If you are having thoughts of suicide please contact the hotlines listed below. In India you can reach Kiran at 18005990019. The US National Suicide Prevention Lifeline is at 1-800-273-8255 — a free, confidential 24/7 service for people that need help. Or in the UK, the Samaritans hotline at 116-123. More information can also be found at www.mind.org.uk, www.samaritans.org and www.save.org

Quick Fire Q&A

What’s your name? Moneyfarm 

When were you founded? 2011

Where are you based? We’re headquartered in London, with offices in Milan and Cagliari.

Who are your founders? Paolo Galvani and Giovanni Daprá

What do you sell, and who do you sell it to? A simple and cost-effective way to invest with actively managed portfolios and qualified consultants, attracting experienced investors keen to delegate.

How did you get started? In Milan, believing technology can make investing affordable and transparent. We’re the original robo adviser, before it became a “thing”. 

How much money have you raised so far? We’ve raised over £100m to date.

What’s your most recent valuation? Not disclosed

Who are your major shareholders? Allianz Asset Management, Poste Italiane, United Ventures and Cabot Square Capital.

There are lots of fintechs out there — what makes you so special? We offer great technology, but we don’t automate everything. Every customer gets active portfolio management and guidance from expert consultants.

Fintech Fascination

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Financial Conduct Authority — once bitten, twice shy: If last week was all about the opportunities for growing UK fintech with the publication of the Kalifa Review, this week was a reminder that chasing rapid growth is easier said than done. Alongside the collapse of one UK success story (see above), senior executives at several top firms cautioned that new regulations would make it hard for future start-ups to get off the ground. The debate over new rules for e-money firms highlights the key tension at the heart of fintech regulation between encouraging growth and protecting consumers. It also suggests the Financial Conduct Authority has learned from the Wirecard debacle last summer, when millions of customers were unable to access cash in accounts linked to the collapsing German fintech.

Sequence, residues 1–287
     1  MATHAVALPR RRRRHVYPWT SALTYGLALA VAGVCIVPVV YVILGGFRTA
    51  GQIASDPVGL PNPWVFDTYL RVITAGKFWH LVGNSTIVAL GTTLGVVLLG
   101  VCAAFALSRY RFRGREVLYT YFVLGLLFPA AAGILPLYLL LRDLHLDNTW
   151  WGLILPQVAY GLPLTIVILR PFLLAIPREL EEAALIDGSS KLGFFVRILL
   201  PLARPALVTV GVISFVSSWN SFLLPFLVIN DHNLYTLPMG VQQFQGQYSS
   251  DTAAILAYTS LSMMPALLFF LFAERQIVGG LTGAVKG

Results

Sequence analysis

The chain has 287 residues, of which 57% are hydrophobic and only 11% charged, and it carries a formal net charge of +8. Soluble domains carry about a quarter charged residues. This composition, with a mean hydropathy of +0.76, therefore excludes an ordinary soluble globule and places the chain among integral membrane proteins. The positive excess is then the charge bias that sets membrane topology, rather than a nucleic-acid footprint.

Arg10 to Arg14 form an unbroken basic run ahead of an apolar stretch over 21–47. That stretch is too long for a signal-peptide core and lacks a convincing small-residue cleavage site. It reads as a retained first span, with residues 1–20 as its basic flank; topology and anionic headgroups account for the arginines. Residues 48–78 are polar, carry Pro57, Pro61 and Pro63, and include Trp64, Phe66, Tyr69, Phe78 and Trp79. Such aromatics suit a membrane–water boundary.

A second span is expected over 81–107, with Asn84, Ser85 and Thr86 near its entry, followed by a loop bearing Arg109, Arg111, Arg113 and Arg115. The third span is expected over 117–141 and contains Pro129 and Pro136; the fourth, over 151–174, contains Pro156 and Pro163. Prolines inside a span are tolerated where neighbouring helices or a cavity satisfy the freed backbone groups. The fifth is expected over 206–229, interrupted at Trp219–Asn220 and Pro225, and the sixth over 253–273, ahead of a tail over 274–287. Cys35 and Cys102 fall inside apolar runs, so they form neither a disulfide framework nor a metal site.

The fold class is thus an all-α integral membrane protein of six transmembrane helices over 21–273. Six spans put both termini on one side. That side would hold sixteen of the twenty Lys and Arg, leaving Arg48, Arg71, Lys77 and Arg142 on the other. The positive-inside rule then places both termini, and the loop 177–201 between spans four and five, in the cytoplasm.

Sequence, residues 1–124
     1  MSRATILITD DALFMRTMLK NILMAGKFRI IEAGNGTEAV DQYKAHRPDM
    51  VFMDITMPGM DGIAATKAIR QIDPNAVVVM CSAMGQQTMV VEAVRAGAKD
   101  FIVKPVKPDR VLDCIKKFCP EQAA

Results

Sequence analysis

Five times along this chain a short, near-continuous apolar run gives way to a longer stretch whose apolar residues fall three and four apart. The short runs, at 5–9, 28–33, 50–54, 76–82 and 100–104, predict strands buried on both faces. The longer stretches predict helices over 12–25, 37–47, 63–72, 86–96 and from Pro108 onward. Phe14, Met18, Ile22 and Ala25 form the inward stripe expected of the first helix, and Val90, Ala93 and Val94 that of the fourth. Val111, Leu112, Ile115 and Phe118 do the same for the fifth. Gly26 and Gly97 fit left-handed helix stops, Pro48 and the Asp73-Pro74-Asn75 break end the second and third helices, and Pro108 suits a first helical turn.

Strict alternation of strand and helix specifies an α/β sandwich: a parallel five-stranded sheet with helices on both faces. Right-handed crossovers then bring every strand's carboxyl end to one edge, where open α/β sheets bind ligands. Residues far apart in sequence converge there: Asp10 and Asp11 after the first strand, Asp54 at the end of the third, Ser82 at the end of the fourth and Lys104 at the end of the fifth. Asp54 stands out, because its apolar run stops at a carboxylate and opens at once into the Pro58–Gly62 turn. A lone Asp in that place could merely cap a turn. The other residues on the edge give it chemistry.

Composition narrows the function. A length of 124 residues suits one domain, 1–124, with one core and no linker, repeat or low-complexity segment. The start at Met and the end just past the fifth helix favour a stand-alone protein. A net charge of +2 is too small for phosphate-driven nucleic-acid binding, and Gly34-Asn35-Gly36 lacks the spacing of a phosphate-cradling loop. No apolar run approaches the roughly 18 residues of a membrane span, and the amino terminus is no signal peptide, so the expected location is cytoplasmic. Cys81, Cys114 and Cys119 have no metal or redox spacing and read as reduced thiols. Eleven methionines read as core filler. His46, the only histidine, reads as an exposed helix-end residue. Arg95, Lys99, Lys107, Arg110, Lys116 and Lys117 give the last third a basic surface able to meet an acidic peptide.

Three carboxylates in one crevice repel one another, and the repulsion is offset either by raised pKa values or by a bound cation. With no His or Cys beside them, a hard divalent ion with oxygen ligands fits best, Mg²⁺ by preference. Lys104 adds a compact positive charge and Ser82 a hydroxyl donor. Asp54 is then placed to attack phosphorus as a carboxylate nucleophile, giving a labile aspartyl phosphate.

From “pawnshops” to partners: Ant Group’s Jack Ma has spent years insulting China’s big state-owned banks. Now, the government is effectively forcing Ant to work more closely with them, by restricting the amount of business it is allowed to do with smaller regional lenders. It is the latest broadside in the government and regulators’ months-long campaign against the fintech giant. Still, Ant is resisting where it can — the central bank has been pressuring it to share more consumer data to help the big banks, but Ant has shared only a fraction of what officials were hoping for, citing consumer privacy laws.

The only headline about Starling Bank’s fundraising not to make a lazy bird pun: Starling Bank on Monday announced it had completed its latest fundraising deal, and finally broke its long-held habit of not discussing deal terms to confirm it had achieved a valuation of over £1bn. The bank’s investor base has always been unusual compared to rivals like Revolut and Monzo, relying on secretive financier Harald McPike and traditional asset managers like Jupiter rather than venture capital firms. The latest deal was backed by several major institutions, including Fidelity and the Qatari sovereign wealth fund.